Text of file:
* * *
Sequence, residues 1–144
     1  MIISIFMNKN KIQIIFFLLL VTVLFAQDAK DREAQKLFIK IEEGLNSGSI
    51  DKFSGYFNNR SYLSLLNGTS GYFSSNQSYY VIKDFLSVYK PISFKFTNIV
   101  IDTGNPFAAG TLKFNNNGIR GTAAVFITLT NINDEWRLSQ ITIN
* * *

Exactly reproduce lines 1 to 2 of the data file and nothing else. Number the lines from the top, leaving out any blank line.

Sequence, residues 1–144
     1  MIISIFMNKN KIQIIFFLLL VTVLFAQDAK DREAQKLFIK IEEGLNSGSI